I did better this morning. I was awake at 6:23, which, had I actually continued with the openeing of my eyes and rolled out of bed, would have made my goal of 6:30. Alas, no. I rolled away from the clock, pulled the blanket snugly up to my chin and settled back in for another 9 minutes. Rats. But today I was downstairs by 6:40, and that was after having made the bed.
I am the sort of person who, upon hearing really good news, has a hard time keeping a lid on it. I guess growing up with not a lot of good news much of the time makes me that way. Or maybe it's the delight I feel when I see joy on the face of another person. Or maybe it's just a gift from God and I should stop analyzing it.
When I took my pregnancy test last Monday and saw that it was a faint line that I nearly went blind in order to see, I was happy. Only happy. Because, I reasoned, this cycle is the first after our loss, and there's a chance this is not what it looks like. I called my friend Mary anyway. Mary has the sense to be wisely happy--the kind of happy that isn't jumping up and down screaming, hauling out the helium-filled mylar balloons. Mary's response was something along the lines of, "That's great, that's really great. Are you going to test again tomorrow?" This is the wisdom that comes from a mom with a heart open to life, like mine, but who has also survived miscarriage, like me. Her caution was well warranted and much appreciated.
Tuesday was another story. When I calld Mary on Tuesday and said,"This line is fat, Mary! This is no shadow!" then Mary sounded like she wanted to grab those balloons. And that was ok--because I did, too! There was no hesitation this time, no thought that my body might be playing tricks.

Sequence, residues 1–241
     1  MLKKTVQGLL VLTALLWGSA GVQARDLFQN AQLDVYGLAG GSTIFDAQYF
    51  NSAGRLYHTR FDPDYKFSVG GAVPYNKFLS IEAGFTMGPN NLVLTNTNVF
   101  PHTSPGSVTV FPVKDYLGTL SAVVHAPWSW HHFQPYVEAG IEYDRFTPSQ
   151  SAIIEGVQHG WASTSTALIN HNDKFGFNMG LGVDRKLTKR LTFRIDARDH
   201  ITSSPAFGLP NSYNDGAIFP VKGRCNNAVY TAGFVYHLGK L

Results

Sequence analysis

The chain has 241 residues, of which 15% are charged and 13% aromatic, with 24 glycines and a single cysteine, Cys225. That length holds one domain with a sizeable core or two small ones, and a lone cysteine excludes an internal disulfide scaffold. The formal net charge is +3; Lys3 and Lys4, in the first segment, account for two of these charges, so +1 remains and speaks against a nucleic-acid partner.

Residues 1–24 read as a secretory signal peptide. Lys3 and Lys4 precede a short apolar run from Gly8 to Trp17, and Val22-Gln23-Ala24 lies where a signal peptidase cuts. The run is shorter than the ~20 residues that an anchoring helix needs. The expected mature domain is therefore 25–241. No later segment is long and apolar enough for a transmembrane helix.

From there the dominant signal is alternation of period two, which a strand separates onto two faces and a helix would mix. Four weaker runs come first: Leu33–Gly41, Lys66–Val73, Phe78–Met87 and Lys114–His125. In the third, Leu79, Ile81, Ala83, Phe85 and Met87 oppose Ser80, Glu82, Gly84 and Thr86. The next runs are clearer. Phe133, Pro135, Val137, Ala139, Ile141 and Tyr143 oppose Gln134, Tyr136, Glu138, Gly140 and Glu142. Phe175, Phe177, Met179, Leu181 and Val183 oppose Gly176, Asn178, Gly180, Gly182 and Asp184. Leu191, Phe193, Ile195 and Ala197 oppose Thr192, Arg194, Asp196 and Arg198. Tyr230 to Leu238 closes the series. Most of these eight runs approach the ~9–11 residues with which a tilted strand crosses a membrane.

Now it's time to prepare. Early? Well, probably. Because we chart my cycle very carefully, we know that we are four weeks, one day into this pregnancy. We're due in early December. That's a long time to prepare, I suppose, but prepare I must. First things first: I must be sure that I have the clothing I need to get to the end.
I think this is a normal woman thing. We see an occasion on the horizon, we buy appropriate attire. Going to a special dinner? Buy a pretty dress. Going on an anniversary date? Buy some spiffy new shoes. Planning on gaining 35 pounds and more inches than are on that tape measure? Go maternity shopping!
Now, there's really not much to buy. I have a friend who just brought me two boxes of clothes, and another friend who's due in May and has declared herself done with children--she said I could just keep her clothes. This is very kind. They are both dear. But there is one item that I don't suppose I'll find in either collection, and that is a Long Black Skirt.
I found the Long Black Skirt that I love at Dress Barn. It's cut well, it drapes nicely, it's unbelievably comfortable, and it hits about four inches above my ankles. I love it because it's incredibly modest, so when I sit on the floor (anywhere) to chat or change a diaper, there is absolutely no chance of flashing anything at anyone. This is of the utmost importance to me.